peHUB Wire: Friday, June 18, 2010

I recently accused limited partners of cognitive dissonance; refusing to invest (much) this year despite acknowledging that the best returns are borne of recessions.

But perhaps I was too harsh. Too hasty. Perhaps LPs are sitting on their hands because they recognize that this post-recession is different.

Private equity firms typically generate out-sized returns from post-recessionary markets because there is an abundance of bargains, which can be easily exploited. Buy low, sell high.

This year, however, valuations rebounded much faster and stronger than anyone expected. So much so, in fact, that some PE pros are concerned that they’re trapped inside of a mini-bubble.

How come? The primary culprit is private equity overhang, which Cambridge Associates estimates at around $425 billion. Many firms raised big funds in 2006 and 2007, were credit crunched out of investing! over the next two years and now are staring down the end of their investment cycles with a pocketful of cash.

Rather than lose it, these firms are trying to use it.

“We’re between a rock and a hard place,” a PE pro told me in Chicago. “Either we keep not investing — which means we ultimately hand back capital — or we stay, fight and pay a bit too much. Even some of the deals that began as proprietary have become competitive.”

Exacerbating the situation is the fact that corporate America is sitting on $1.84 trillion in cash, up a record 26% from last year. This means that if financial sponsors opt not to compete for a particular deal, there’s a good chance that strategics will.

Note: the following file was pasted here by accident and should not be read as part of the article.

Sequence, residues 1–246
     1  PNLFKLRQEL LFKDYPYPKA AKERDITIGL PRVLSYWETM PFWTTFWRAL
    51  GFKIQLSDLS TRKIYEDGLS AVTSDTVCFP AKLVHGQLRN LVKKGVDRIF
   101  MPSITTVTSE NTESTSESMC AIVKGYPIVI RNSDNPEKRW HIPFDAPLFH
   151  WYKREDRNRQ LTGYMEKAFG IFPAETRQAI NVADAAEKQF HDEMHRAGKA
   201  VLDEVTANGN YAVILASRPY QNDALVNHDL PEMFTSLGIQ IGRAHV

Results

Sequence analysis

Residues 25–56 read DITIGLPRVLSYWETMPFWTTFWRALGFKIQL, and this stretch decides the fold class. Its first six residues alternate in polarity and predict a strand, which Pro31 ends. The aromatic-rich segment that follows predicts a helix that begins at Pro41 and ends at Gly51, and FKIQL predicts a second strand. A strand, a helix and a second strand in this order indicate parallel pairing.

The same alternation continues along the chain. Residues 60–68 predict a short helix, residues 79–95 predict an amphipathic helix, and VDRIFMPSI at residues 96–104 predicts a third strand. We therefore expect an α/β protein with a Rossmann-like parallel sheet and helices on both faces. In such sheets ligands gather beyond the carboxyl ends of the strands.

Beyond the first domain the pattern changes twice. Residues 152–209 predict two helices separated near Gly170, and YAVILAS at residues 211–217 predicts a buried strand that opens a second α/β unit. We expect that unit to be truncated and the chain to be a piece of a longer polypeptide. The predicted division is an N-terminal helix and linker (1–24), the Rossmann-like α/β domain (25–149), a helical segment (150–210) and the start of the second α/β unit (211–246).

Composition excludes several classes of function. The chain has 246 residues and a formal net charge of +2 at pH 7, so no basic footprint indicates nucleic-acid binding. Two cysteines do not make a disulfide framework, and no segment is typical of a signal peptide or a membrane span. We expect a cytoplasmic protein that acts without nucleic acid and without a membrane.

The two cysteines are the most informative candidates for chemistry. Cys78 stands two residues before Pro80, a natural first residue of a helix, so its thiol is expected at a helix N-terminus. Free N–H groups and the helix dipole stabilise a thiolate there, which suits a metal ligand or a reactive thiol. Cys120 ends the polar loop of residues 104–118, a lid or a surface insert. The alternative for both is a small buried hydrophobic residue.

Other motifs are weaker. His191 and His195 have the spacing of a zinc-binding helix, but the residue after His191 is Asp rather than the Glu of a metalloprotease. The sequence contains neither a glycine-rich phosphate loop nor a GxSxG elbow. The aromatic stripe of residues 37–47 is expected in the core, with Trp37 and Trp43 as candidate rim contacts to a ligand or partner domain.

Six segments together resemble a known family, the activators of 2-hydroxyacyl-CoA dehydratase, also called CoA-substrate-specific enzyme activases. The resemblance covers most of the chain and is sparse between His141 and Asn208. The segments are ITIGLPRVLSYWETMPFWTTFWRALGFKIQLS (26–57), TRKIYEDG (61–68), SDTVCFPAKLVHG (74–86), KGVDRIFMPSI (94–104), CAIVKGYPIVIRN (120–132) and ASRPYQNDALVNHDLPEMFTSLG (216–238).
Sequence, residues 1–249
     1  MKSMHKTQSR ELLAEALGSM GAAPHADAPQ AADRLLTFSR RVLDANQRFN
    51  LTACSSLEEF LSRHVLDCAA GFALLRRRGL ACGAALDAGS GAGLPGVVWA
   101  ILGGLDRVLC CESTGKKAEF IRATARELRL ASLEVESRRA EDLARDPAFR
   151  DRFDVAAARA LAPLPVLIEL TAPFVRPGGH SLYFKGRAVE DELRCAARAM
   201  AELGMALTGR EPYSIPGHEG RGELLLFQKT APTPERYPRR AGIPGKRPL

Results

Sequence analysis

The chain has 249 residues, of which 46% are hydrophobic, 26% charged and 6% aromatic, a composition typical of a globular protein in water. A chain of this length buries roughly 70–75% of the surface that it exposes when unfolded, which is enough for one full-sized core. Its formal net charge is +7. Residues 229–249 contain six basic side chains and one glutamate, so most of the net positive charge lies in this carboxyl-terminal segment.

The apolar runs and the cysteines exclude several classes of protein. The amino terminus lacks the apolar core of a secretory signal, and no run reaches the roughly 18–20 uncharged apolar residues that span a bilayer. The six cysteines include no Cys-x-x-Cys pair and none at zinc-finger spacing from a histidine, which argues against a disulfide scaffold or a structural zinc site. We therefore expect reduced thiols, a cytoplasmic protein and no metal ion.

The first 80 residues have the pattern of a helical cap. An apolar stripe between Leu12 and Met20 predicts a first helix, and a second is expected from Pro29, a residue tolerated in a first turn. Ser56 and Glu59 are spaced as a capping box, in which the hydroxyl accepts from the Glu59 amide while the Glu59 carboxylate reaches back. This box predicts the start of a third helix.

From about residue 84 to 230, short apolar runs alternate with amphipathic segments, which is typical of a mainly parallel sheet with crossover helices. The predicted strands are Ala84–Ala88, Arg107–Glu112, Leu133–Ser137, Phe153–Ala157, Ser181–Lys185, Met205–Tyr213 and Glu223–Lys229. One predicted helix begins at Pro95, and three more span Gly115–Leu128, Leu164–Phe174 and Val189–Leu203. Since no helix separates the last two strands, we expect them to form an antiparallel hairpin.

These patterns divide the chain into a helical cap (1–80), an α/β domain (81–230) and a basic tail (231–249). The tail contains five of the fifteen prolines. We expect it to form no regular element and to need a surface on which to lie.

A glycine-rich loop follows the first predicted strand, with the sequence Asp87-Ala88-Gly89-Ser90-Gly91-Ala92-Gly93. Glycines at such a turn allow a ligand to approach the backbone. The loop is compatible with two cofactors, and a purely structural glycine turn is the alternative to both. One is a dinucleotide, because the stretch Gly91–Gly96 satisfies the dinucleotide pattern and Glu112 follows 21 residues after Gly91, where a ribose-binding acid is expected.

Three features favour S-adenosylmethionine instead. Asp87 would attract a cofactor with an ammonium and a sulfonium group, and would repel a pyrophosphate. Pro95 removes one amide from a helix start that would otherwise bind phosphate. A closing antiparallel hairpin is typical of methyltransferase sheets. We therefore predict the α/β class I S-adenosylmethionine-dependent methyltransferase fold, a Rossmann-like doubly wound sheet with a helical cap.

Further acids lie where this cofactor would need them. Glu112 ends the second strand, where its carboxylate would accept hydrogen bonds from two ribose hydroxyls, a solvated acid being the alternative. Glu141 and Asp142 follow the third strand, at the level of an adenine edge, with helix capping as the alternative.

“LPs shouldn’t ever try to time the market, since there can be such a long lag from fund commitment to when the money actually gets invested,” says an LP. “But, they obviousl! y do try to time it and, for those people, these ridiculous valuations are a good reason to wait.”

*** Small piece of news out of a panel I moderated yesterday at Buyouts Chicago: Bruce Rauner said that his firm, GTCR, is gearing up to raise its tenth fund. I asked if there would be any term changes prompted by new taxes/regulations, and he said “no.” GTCR raised $2.75 billion for its ninth fund in 2009.

Top Three

Pacific Biosciences, a Menlo Park, Calif.-based DNA gene sequencing company, has raised $50 million in Series F funding fromGen-Probe Inc. (Nasdaq: GPRO). The company also raised an undisclosed amount of funding from existing shareholders. Pacific Biosciences previously raised around $253 million from Monsanto, the Wellcome Trust, Sutter Hill Ventures, Deerfield Management, Intel Capital, Morgan Stanley, Redmile Group, T. Rowe Price, Mohr Davidow Ventures, Kleiner Perkins Caufield and Byers, Alloy Ventures, Maverick Capital, AllianceBernstein, DAG Ventures, Teachers’ Private Capital and Blackstone Cleantech Venture Partners.

Dow Chemical Co. has completed the sale of its Styron plastics unit to Bain Capital for $1.63 billion. Dow retained a 7.5% equity position, although it had an option to retain up to ! 15 percent.

Solyndra Inc., a Fremont, Calif.-based provider of solar energy systems for commercial rooftops, has canceled its proposed $300 million IPO. In a filing with the SEC, Solyndra cited “adverse market conditions.” The company has raised over $500 million in VC funding, from firms like Argonaut Ventures (35.74% ownership stake), U.S. Venture Partners (10.19%), RockPort Capital Partners (7.5%), CMEA Ventures (6.81%) and Redpoint Ventures (5.94%).

VC Deals

Aquinox Pharmaceuticals Inc., a Vancouver-based small-molecule drug company focused on cancer and inflammatory disease, has raised US$25 million in Series B funding.Ventures West Capital led the round, and was joined by fellow return backers Johnson & Johnson Development Corporation, Baker Brothers Investments and BC Advantage Funds Ltd. New investor Pfizer Venture Investments also participated.

Affirmed Networks Inc., a Waltham, Mass. stealth telecom startup, has secured $10.89 million of an $11.52 million funding round, according to a regulatory filing. Backers include Charles River Ventures and Matrix Partners. The company was founded by Sonus Networks vets Harris Fishman and Hassan Ahmed. It d! oes not yet have a public website.